Ethel Dobbie Currie
, daughter of James Ferguson Currie and Elizabeth
Laughlan Allan , was born December 04, 1898 in Cathcart, Glasgow, Lanarkshire,
Scotland. She died March 24, 1963 in Glasgow, Lanarkshire, Scotland.
Obituary Notice for Ethel D. Currie:
Ethel D. Currie, D.Sc., Ph.D., F.R.S.E., F.G.S., F.M.A.
- Ethel Dobbie Currie (1899-1963) dedicated her life to Geology, achieving
high eminence both in administration and in research. She matched her concern
for the well-being of her science with an altruism and an integrity that
allowed her to give unstintedly the greatest personal assisstance to fellow
geologists old and young, in furtherance of their work and in the use of
the collections submitted to her care
Her whole professional career was spent in the University of Glasgow.
She graduated under Professor J.W.Gregory in 1920, and after a short period
as Demonstrator in his department was appointed Assistant Curator of the
geological collections in the Hunterian Museum. There she had the onerous
tasks of bringing into order and cataloguing the minerals, rocks, and fossils
that, some going back to William Hunter's day, were the riches of nearly
two hundred years' accumulation, and that were rapidly increasing in number
as generations of students and researchers came and went. This office work,
laborious and never-ending, was in its nature less well known to the public
than it deserved to be; and visitors to the Museum were better acquainted
with her through the many exhibits she prepared to illustrate various aspects
of Geology, notably the intrsuctional show-cases in petrology, mineralogy,
and palaeontology, and in the illustration of evolutionary lines. In her
later years, with the expert technical help of Mr. F. Munro, she took a
special interest in the morphology and relations of fossil vertebrates: the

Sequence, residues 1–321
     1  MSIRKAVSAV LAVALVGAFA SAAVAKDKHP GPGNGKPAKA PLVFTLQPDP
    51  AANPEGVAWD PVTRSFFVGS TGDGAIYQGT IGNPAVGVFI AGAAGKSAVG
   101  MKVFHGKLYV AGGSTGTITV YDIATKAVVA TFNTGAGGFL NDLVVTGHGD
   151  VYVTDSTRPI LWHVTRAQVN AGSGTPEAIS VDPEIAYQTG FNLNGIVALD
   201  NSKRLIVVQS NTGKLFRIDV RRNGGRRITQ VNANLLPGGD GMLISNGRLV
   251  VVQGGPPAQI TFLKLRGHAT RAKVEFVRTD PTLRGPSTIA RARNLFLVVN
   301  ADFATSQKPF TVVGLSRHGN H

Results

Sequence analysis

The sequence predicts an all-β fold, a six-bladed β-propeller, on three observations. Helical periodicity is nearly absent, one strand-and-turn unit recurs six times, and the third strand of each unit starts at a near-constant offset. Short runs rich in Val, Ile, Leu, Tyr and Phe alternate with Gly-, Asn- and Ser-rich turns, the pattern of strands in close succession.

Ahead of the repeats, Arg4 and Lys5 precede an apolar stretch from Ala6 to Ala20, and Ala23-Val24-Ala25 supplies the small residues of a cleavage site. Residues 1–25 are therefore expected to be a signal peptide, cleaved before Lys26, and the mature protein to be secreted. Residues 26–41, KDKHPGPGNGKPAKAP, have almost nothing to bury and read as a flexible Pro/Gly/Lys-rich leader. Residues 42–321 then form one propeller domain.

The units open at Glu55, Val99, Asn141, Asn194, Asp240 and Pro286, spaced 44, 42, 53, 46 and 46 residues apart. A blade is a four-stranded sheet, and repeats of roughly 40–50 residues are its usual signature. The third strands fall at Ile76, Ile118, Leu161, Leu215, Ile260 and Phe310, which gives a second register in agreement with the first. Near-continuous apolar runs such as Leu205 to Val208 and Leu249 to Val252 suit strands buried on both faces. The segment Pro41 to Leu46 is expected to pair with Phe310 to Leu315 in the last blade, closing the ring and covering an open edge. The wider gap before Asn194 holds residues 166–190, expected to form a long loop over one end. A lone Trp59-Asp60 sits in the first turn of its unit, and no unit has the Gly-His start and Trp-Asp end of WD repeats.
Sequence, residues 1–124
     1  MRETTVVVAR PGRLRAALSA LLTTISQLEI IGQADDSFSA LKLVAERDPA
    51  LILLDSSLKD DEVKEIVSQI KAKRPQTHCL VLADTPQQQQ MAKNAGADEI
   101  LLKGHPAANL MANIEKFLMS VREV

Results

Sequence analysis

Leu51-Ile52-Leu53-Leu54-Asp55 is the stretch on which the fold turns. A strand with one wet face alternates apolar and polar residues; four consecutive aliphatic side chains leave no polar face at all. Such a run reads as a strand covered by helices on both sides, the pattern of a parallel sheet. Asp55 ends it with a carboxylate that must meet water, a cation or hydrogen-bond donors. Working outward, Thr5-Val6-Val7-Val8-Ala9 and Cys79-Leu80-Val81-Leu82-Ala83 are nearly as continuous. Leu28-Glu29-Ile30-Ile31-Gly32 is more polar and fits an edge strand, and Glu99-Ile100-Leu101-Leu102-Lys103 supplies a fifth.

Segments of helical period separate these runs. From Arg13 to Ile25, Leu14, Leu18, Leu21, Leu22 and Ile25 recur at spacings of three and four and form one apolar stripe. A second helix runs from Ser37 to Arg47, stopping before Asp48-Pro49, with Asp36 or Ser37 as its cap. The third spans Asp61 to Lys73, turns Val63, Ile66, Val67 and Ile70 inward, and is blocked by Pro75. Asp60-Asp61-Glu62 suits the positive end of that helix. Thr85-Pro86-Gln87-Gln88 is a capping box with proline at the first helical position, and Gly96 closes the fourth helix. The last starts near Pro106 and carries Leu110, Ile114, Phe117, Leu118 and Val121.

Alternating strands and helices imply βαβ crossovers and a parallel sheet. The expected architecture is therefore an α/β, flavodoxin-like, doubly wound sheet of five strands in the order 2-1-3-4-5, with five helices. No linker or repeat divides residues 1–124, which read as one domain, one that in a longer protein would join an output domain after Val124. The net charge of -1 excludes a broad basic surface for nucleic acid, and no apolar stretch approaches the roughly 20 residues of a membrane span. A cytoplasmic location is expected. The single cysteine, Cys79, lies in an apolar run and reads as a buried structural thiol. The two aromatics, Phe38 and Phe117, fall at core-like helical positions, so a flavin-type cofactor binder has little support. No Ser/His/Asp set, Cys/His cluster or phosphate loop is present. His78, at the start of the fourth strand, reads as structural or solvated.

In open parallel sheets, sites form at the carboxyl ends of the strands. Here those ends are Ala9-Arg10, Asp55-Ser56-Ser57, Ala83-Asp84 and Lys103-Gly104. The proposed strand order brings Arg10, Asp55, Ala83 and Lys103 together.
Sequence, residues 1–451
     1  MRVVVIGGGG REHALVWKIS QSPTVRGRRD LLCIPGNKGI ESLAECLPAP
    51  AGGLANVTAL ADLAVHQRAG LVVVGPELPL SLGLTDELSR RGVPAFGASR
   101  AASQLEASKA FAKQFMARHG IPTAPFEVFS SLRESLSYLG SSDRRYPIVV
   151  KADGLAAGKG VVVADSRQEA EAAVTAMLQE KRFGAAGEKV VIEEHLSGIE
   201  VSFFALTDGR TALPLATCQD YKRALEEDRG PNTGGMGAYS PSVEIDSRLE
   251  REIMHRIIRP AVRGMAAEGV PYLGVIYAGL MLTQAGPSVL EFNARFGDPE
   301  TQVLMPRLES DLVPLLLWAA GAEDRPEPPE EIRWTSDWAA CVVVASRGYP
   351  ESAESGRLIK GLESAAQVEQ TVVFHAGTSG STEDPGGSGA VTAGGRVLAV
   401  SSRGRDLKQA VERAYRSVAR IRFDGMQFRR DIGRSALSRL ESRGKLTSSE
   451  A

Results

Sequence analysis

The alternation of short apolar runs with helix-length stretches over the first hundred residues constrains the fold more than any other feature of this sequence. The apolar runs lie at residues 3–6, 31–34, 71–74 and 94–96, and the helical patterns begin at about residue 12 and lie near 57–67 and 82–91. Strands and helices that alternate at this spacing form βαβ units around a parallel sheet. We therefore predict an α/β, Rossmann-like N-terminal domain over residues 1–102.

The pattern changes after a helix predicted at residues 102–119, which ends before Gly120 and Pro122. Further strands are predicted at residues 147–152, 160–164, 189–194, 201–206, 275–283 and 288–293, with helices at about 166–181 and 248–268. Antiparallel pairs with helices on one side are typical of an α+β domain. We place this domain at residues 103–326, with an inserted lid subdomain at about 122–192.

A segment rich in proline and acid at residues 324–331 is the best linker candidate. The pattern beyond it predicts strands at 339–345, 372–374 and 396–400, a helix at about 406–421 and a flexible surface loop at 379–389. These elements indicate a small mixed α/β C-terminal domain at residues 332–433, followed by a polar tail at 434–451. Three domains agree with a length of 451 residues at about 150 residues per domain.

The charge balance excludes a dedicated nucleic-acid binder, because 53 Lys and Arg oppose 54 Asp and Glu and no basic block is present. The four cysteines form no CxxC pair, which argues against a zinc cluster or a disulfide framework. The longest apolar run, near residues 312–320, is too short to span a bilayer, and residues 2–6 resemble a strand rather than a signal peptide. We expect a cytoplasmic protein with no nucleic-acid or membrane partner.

exhibits she prepared, illustrated by exquisitely constructed models in
supplement to actual fossils, are unique of their kind and are a witness
to the meticulous accuracy and the exhaustive thoroughness of her work. She
used the exhibits to effect in teaching and exposition that were not the
least of her contributions as a member to the University. Her aid was also
enlisted on innumerable occasions in providing information for a whole host
of visitors to the Museum, whom she was quickly concerned to make welcome.
Her long and devoted service was recognised by the University when she was
promoted to the grade of Senior Lecturer in 1960. She retired in 1962.
Her interests in research were palaeontological. In her early days she
described as opportunity offered, collections of fossils that came to the
Museum. These included numbers of sea-urchins from overseas, and she became
an authority on Mesozoic and Tertiary echinoids especially of Africa and
southern Asia, publishing descriptions of faunas from Cyprus, Somaliland,
Ethiopia, Kenya, Persia, Samaria, and Burma. She also described xiphosurs
from Lesmahagow, Mesozoic corals from Somaliland, and even collections of